Raspberries grow on a tall bush. Photo
|Raspberries can be pricey, but they’re one of our favorite affordable luxuries. We try to eat some every day—for breakfast with yogurt, as a snack or for dessert. One cup has just just 64 calories!
Raspberries are a delicious food, a beautiful food, and equally important, a very healthy food: high in potassium, vitamins A & C and fiber, with no fat, cholesterol or sodium (in fact, they can lower blood cholesterol levels and are a diabetic-friendly food). They’re a good source of iron and folate.
And raspberries are an antioxidant-rich food. They contain ellagic acid, a polyphenol antioxidant also found in blackberries, cranberries, pecans, pomegranates, raspberries, strawberries, walnuts and other foods.
Everyone has seen red raspberries; but there are also black, gold and purple and gold varieties.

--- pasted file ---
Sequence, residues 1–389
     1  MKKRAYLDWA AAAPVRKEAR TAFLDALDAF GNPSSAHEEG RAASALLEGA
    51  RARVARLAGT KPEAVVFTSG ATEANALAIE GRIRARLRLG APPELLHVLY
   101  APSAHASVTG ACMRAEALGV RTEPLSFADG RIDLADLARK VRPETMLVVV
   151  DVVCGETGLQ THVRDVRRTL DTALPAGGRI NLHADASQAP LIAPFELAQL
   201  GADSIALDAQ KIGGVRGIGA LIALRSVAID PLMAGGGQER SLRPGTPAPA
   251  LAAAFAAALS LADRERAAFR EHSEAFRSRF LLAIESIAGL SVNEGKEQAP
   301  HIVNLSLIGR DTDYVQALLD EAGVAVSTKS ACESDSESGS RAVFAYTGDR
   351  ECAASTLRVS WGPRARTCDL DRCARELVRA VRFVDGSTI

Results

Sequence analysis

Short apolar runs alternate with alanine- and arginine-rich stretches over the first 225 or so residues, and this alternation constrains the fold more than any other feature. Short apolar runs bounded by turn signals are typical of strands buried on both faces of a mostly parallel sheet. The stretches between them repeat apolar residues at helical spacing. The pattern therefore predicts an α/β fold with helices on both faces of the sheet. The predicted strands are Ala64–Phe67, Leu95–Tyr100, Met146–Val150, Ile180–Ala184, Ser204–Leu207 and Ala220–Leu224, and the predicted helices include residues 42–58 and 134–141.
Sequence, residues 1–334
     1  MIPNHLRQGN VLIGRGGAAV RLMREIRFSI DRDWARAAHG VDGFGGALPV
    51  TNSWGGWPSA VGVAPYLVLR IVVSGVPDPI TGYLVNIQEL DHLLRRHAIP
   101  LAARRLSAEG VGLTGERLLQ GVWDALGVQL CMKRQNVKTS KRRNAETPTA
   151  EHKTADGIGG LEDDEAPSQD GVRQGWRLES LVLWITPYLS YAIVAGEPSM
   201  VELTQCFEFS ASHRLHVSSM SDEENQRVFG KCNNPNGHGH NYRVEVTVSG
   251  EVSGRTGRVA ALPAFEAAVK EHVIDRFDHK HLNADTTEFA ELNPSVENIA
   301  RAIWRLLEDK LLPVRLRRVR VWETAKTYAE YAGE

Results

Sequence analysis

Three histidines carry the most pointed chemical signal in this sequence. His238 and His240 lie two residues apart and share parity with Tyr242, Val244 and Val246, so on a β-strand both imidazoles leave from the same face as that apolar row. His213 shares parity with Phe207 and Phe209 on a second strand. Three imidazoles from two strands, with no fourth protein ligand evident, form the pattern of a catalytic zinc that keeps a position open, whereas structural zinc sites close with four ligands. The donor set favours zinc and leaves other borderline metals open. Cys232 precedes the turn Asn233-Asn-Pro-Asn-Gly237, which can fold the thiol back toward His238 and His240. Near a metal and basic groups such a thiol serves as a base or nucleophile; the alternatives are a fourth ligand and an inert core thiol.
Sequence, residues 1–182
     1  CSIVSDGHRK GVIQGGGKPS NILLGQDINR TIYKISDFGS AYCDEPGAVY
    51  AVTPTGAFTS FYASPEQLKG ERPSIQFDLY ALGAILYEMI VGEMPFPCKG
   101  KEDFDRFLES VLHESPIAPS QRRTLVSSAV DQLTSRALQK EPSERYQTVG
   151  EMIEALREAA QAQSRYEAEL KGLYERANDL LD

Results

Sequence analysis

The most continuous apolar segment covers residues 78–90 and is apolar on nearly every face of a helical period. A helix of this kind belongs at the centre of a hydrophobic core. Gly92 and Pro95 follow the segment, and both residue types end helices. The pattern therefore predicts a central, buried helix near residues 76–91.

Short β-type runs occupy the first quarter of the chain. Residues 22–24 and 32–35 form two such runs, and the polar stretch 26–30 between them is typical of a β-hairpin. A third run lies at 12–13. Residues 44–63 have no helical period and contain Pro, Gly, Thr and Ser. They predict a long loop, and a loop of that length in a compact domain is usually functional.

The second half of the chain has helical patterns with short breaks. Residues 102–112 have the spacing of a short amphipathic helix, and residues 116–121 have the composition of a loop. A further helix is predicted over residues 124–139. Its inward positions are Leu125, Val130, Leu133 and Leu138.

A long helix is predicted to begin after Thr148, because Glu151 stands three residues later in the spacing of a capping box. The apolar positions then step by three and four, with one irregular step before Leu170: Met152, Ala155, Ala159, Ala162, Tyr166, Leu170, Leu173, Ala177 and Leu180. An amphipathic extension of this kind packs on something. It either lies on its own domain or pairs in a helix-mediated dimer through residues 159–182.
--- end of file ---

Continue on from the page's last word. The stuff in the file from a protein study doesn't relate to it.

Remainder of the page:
|The only gripe we have with raspberries is that they’re fragile: easy to crush and easy to spoil (and reasons why they can be costly). They quickly attract a white mold at room temperature and even after two days in the fridge.
Pop them into the fridge as soon as you bring them home. Never wash berries until you’re ready to use them.
If you realize you won’t be using them, raspberries freeze easily. To prepare for freezing, just wash, pat dry and put them in a freezer bag, squeezing out the air.
Browse raspberry recipes and make something new. You can start with the Frozen Raspberry Soufflé recipe below.
And be sure to use them as a Valentine’s Day garnish, for both savory and sweet dishes.
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